When I was looking at Tobbe's post I started to wonder if he's asking a question or just making a statement about his thought processes
And personally, I like the idea of TaiJi GrandMasters shoving each other around like over-growed 2nd graders.
If only they included the footage of the losers dropping like flies days later.
lol - yeah well the question was if there´s any differences
oh, yes. One has a question mark at the end, and the other is just sort of conversational.
And if the Taijiuan - players in the clip above were to use strikes and kicks as well - wouldn´t it look something like a sanda match?
"oh, yes. One has a question mark at the end, and the other is just sort of conversational."
Youï¿½re totally right as always Bob#2
- If you look at the second question you can see that I improved
I did. You misspelled 'sandwich'.
This was one of my favorite shows last year:
Any competitor who took a fighting stance out of a Jet Li movie got his ass kicked (almost all of whom were Tai Ji practicioners).
Towards the end of the show, almost all of the finalists were big Xing Yi boxers, whose stances looked more like Jack Dempsey (or Tim Cartmell) than Jet Li.
The XY boxers were fun to watch. They'd tie up with the opponent, and usually finish their opponent w/Pi Quan and/or Beng Quan (excuse the pin yin).
There was one little standout. There was a tall skinny guy who practiced Shuai Jiao. He made it to the finals w/ease. He had a beautiful sasae tsurikomi ashi (a judo footsweep). He was really good at controlling the big XY boxers w/bicep control, which is the first thing I learned from Tim when I started to learn the internal arts. It's also the first thing they teach you in bjj.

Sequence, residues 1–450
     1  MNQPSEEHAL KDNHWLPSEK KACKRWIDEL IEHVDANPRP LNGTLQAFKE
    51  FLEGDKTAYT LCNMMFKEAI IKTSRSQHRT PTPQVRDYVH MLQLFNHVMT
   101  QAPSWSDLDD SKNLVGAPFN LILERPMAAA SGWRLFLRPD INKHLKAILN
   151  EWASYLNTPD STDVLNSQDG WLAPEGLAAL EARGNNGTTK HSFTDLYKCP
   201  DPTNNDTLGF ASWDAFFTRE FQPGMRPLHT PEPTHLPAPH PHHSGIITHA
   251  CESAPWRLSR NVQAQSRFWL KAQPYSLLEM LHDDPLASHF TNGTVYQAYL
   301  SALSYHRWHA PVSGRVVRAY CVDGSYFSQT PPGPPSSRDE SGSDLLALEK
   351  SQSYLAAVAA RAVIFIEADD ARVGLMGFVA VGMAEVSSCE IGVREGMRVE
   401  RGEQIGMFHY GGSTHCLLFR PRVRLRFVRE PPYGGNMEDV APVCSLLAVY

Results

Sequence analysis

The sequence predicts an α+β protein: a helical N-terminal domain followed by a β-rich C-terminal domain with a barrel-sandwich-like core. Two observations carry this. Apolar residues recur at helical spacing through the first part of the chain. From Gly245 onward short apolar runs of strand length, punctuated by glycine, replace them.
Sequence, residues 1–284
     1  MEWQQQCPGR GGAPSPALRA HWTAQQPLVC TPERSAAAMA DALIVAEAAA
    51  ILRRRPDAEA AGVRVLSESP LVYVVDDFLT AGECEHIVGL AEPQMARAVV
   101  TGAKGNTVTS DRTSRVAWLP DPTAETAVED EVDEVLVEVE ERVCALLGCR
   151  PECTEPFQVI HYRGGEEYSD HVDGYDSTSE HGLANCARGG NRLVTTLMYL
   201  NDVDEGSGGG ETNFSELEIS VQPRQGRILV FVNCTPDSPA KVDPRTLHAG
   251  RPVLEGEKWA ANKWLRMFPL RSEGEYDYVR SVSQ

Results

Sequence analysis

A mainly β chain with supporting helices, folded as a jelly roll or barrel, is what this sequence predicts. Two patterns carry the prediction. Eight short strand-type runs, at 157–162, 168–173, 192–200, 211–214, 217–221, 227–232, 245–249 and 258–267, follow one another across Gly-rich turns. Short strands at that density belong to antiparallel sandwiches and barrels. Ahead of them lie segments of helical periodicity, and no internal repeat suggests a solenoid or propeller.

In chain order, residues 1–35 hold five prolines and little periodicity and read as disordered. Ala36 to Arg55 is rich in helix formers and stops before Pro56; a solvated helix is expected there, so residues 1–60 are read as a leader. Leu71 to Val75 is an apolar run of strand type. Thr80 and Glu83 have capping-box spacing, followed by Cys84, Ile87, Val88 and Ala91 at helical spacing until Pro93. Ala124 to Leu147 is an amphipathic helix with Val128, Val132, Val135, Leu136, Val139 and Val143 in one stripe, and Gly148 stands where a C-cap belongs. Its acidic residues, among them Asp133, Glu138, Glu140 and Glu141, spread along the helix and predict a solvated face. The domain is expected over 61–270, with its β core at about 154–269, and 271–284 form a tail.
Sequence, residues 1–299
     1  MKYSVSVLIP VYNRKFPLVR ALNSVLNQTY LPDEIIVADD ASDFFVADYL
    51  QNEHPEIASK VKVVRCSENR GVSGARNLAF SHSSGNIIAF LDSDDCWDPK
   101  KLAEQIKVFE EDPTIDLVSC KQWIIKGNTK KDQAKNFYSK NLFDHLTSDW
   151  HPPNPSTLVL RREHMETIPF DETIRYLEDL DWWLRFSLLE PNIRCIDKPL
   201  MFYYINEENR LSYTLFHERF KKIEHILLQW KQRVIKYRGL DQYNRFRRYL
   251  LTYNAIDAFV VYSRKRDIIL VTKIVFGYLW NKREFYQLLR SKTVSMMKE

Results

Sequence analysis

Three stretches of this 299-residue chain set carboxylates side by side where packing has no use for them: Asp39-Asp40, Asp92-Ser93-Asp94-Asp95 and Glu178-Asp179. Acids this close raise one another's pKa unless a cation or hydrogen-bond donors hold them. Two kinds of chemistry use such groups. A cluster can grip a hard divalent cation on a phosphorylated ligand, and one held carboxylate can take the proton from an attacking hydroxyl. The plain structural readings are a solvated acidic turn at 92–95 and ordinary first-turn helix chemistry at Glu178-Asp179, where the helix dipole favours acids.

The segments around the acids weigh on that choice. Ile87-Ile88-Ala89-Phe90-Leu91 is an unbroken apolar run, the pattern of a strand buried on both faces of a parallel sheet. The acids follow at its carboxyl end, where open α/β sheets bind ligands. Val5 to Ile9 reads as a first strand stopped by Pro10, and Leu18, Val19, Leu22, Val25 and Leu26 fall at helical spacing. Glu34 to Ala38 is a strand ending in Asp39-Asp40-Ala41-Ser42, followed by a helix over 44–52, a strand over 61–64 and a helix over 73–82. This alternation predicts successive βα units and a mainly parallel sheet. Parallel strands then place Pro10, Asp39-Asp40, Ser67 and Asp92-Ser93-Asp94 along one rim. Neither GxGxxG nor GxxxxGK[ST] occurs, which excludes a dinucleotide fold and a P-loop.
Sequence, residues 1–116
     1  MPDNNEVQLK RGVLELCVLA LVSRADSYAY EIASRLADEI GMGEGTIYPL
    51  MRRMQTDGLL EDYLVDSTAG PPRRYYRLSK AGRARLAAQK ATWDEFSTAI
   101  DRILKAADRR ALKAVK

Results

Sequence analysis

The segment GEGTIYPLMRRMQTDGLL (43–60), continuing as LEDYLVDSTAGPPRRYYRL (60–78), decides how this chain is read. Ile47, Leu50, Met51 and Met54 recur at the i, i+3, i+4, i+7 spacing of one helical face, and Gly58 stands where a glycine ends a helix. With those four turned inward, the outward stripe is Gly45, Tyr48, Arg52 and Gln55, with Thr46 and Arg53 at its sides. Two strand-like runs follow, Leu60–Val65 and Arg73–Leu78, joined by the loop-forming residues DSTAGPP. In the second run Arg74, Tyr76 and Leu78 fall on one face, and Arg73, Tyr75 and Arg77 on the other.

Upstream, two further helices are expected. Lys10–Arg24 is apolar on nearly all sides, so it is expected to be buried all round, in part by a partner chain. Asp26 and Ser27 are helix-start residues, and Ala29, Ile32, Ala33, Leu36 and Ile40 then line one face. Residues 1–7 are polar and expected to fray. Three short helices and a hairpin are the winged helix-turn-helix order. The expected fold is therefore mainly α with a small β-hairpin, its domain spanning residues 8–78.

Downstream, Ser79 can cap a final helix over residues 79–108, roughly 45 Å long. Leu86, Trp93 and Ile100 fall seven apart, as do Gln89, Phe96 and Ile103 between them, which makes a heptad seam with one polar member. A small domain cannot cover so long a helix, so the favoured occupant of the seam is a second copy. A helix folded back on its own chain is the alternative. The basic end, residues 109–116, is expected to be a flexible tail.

The skinny SJ guy was a smart fighter. He had trouble moving these big guys at first. When the XY guys did manage to hit him, usually before he could close the distance, he was rocked.
A quick learner, he'd start throwing beng tren. Almost instinctively, the XY boxers would respond w/pi quan. The little guy would then move his head out of the way and counter w/sasae. Match over.
Then the next XY boxer would come up. He just saw the previous match, so he wouldn't throw pi quan. The SJ guy would initiate with pi quan, the XY guy would counter w/beng tren, and the little guy would counter w/sasae again, winning the match!
The little guy, perhaps more comfortable w/getting hit now, put on a good judo show. As soon as he tied up w/the big XY guys, he'd come in for ippon style throws (uchi mata, uchi mata to ko uchi, o uchi, etc.). I wish I could find some of his matches.
The XY guys could throw too. But when they tried to throw the SJ guy, he'd pop them in the face!
Oh, the other part of the show I liked was when the judges would show the losers, and audience, counters to the the techniques they lost to. Most of the counter techniques shown were either joint locks and/or throws. FYI, most of those judges cross-trained. Too bad they didn't live in Shijiazhuang...
These two HOs are fiesty- and my favorite observation is that the one in black seems to get super aggressive right before getting tossed (every time)
not only is this impressive, the master seems to float in the scenery.
Where did say those sweet ladys had the last name of Ho?
That is the new vertual pung, lu, qi, an ride at the Chinese Chucky Cheese.
The lu, qi, an is inside the pung and at the (gung li shen ho) high level Master Chucky turns into Alvin of the chipmonks and sings from the Christmas album.
some awesome throws here
anyone know who that guy is?
no, but he's obviously not a GRANDMASTER!
probably learned from one...lol
...or a high school wrestling coach!
This clip was just pointed out to me.
same clip that started this thread
Ah... the first video wouldn't play for me.
someone on EmptyFlower posted this Youtube clip of a great push hands tournament. I can't find it on Youtube, so here's the link:
I think Kelly will like to see what happens in the last match when one guy decides to get an a super low, deep stance to avoid being thrown.